Chris Schmandt

Media Laboratory
Massachusetts Institute of Technology


Chris Schmandt
MIT Media Lab
20 Ames St.
Cambridge, MA 02139

Phone: +1-617-253-5156
Fax: +1-617-258-6264



Speech and natural language understanding.

But strongly related to Adaptive User Interfaces.


Discourse structure, intonation, digitized speech, speech skimming


Our goal is to make possible enhanced listening to recorded audio lectures. The proposed approach has two components. First, we will develop an approach for deriving the structure, based on a discourse oriented analysis and using acoustical techniques, inherent in a recording. Second, we will provide a user interface and interaction techniques to allow a listener to exploit that structure in real time. We will be evaluating not only the performance of the acoustic analysis of discourse structure, but also the usability (and iterative design) of the audio skimming user interface. Both components will build upon existing research.

Previous work has used the acoustic cues of pauses and pitch, usually in isolation, to attempt to identify emphasized or salient portions of a monologue. Well developed theories of discourse suggest a much richer underlying structure, however. Discourse structure will be exploited to provide a hierarchical "view" of the recording, allowing listening at different levels of detail. Automatic detection of discourse structure will necessitate correlation of the multiple acoustic cues of both pitch and duration. The results will then be evaluated against a marked corpus. We do not expect perfect results; we hope to obtain results which are good enough to form cues to be exploited by the speech skimming user interface.

The user interface will be built around a physical interaction device, not a traditional graphical user interface. Our goal is to prototype a device which could be built into appropriate portable hardware and allow one to listen in a variety of situations where conventional interfaces are inappropriate, such as while commuting or exercising. Determining the physical form of the interface is in part the subject of this research, but we propose for it to support a model of "audio zooming" facilitating rapid scanning of the stored material at different levels of detail. The interface will include time scaling, skimming at various granularities, and acoustic feedback to convey the discourse structure and skipped portions. The interface will be designed iteratively with continuous user evaluation.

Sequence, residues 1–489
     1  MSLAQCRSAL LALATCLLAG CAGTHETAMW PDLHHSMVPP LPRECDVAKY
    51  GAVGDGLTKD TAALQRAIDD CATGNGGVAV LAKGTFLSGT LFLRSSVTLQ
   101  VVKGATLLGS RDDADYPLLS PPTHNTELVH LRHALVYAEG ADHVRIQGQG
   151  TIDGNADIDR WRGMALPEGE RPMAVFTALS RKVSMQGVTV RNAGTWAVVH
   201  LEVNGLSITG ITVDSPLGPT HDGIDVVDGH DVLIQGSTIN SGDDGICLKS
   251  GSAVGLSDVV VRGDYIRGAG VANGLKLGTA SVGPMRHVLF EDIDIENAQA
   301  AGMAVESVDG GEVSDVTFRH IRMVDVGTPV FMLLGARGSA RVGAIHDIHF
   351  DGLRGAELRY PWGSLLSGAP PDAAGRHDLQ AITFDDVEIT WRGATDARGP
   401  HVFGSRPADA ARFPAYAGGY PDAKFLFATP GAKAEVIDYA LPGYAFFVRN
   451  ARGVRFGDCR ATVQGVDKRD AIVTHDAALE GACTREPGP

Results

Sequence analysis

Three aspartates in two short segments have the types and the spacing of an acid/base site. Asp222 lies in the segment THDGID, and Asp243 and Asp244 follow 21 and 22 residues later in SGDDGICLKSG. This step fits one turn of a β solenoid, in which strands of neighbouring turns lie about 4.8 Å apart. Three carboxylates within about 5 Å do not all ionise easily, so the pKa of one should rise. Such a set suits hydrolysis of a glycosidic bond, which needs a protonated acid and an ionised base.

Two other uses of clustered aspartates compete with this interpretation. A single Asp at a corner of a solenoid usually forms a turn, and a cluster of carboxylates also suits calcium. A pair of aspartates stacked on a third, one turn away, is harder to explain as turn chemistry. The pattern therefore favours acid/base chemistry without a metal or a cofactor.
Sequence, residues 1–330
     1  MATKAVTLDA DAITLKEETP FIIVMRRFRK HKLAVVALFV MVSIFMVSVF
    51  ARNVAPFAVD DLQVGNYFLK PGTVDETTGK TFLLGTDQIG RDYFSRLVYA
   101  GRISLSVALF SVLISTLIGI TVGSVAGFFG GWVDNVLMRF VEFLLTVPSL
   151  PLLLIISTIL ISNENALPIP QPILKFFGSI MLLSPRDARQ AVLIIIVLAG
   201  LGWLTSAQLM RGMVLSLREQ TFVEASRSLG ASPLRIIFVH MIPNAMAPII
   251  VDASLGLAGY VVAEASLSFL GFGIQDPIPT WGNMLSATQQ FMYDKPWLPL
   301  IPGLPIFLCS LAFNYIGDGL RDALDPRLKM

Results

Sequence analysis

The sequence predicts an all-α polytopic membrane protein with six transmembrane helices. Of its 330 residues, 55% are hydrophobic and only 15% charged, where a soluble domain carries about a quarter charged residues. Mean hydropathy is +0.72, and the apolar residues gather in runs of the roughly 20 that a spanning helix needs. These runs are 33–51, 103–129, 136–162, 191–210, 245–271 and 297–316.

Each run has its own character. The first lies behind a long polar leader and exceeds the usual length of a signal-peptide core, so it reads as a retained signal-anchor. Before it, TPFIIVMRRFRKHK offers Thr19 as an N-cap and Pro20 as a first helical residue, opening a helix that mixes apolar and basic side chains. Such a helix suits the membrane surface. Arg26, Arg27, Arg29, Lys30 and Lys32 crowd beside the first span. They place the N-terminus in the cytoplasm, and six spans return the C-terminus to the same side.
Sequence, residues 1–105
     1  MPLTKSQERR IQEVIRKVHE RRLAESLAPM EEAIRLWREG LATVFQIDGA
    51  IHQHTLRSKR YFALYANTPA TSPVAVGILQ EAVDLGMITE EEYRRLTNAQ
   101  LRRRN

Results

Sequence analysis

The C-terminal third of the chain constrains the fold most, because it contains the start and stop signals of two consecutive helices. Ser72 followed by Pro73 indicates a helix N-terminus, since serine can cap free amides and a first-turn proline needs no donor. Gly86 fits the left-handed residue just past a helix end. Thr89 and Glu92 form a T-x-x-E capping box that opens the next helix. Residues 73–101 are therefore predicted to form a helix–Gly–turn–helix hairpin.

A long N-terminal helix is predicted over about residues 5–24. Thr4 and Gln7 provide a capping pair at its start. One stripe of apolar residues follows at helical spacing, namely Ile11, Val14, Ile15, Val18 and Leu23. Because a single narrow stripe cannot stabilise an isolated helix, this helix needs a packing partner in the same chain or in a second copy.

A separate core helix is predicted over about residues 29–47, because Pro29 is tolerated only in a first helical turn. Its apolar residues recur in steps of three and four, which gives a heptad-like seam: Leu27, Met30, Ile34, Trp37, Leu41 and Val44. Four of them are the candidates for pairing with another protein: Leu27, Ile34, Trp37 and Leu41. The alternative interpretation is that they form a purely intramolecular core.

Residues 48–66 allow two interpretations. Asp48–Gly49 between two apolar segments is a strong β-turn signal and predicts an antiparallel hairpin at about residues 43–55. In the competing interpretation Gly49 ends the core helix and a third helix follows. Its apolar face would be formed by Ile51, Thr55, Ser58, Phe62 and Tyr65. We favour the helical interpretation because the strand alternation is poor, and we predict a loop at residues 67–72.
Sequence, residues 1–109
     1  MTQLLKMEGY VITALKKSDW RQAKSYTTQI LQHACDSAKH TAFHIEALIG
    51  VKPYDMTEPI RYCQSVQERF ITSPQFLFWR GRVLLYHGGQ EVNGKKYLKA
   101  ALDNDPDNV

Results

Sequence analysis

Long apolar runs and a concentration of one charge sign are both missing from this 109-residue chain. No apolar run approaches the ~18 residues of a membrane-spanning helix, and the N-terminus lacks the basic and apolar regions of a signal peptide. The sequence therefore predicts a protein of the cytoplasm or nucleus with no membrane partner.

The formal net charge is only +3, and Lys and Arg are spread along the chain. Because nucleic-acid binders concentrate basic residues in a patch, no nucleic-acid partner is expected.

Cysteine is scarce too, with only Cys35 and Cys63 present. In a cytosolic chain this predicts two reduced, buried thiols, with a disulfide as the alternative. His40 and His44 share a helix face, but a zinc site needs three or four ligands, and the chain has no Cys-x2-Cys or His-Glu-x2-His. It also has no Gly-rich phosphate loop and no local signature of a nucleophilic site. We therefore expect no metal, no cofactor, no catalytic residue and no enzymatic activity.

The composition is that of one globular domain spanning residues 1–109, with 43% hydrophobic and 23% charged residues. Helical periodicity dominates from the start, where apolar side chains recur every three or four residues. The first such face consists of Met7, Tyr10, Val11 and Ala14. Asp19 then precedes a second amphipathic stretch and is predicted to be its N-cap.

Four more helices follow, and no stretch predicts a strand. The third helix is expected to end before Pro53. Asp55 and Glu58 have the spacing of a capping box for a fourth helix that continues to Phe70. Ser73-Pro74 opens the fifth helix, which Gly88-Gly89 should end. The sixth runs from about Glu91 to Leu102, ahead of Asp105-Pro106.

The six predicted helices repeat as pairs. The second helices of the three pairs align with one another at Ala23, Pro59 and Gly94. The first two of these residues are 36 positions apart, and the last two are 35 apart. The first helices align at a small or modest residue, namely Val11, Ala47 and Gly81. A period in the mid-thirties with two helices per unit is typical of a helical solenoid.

This project has only just begun. These references are to related work from the same related projects by the same research group.

Stifelman, L. J. A Discourse Analysis Approach to Structured Speech. In Proceedings of the AAAI 95 Spring Symposium Series. Empirical Methods in Discourse Interpretation and Generation, 1995.

Arons, B. Speech Skimmer: Interactively Skimming Recorded Speech. In Proceedings, UIST, ACM, 1993.

Schmandt, C. and Mullins, A. AudioStreamer: Exploiting Simultaneity for Listening. In Proceedings of CHI 95 Short Papers, ACM SIGCHI, 1995.


This process is about automatically detecting discourse structure and using this knowledge to facilitate interactive retrieval of spoken documents. There is a firm literature on discourse structure and, more recently, acoustical cues for discourse structure. Note that this work is in some ways different from much of what has been done before in that it assumes no lexical knowledge -- we are not attempting to recognize words, or content, but rather structure.

The other related background area is the traditional human-computer interaction field, in which there have been a small number of projects (many from the same Lab at MIT) on various approaches for capturing and later interacting with digital recordings of speech.


Passonneau, R. J. and Litman, D. J. Intention-Based Segmentation: Human Reliability and Correlation with Linguistic Cues. In Proceedings of the 31st Annual Meeting of the Association for Computational Linguistics, 1993.

Grosz, B. and Hirschberg, J. Some Intonational Characteristics of Discourse Structure. In Proceedings of the International Conference on Spoken Language Processing, pages 429-432. 1992.

Grosz, B. and Sidner, C. Attention, Intentions, and the Structure of Discourse. Computational Linguistics, 12(3):175P204, 1986.


Adaptive User Interfaces

Usability and User-Centered Design.